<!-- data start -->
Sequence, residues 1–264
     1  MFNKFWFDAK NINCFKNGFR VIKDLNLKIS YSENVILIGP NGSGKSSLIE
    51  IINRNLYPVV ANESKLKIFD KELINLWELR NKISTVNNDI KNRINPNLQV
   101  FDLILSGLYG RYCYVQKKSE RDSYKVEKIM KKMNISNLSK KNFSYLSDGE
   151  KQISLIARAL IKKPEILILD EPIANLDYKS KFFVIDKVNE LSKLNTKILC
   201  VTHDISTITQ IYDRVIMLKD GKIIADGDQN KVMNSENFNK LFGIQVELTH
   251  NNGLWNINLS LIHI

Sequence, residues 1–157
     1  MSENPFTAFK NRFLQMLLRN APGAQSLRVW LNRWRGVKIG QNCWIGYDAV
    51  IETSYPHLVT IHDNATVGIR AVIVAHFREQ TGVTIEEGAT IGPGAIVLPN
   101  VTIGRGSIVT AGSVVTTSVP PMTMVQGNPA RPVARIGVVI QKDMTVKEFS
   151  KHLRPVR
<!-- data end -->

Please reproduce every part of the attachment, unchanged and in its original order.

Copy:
Sequence, residues 1–264
     1  MFNKFWFDAK NINCFKNGFR VIKDLNLKIS YSENVILIGP NGSGKSSLIE
    51  IINRNLYPVV ANESKLKIFD KELINLWELR NKISTVNNDI KNRINPNLQV
   101  FDLILSGLYG RYCYVQKKSE RDSYKVEKIM KKMNISNLSK KNFSYLSDGE
   151  KQISLIARAL IKKPEILILD EPIANLDYKS KFFVIDKVNE LSKLNTKILC
   201  VTHDISTITQ IYDRVIMLKD GKIIADGDQN KVMNSENFNK LFGIQVELTH
   251  NNGLWNINLS LIHI

Sequence, residues 1–157
     1  MSENPFTAFK NRFLQMLLRN APGAQSLRVW LNRWRGVKIG QNCWIGYDAV
    51  IETSYPHLVT IHDNATVGIR AVIVAHFREQ TGVTIEEGAT IGPGAIVLPN
   101  VTIGRGSIVT AGSVVTTSVP PMTMVQGNPA RPVARIGVVI QKDMTVKEFS
   151  KHLRPVR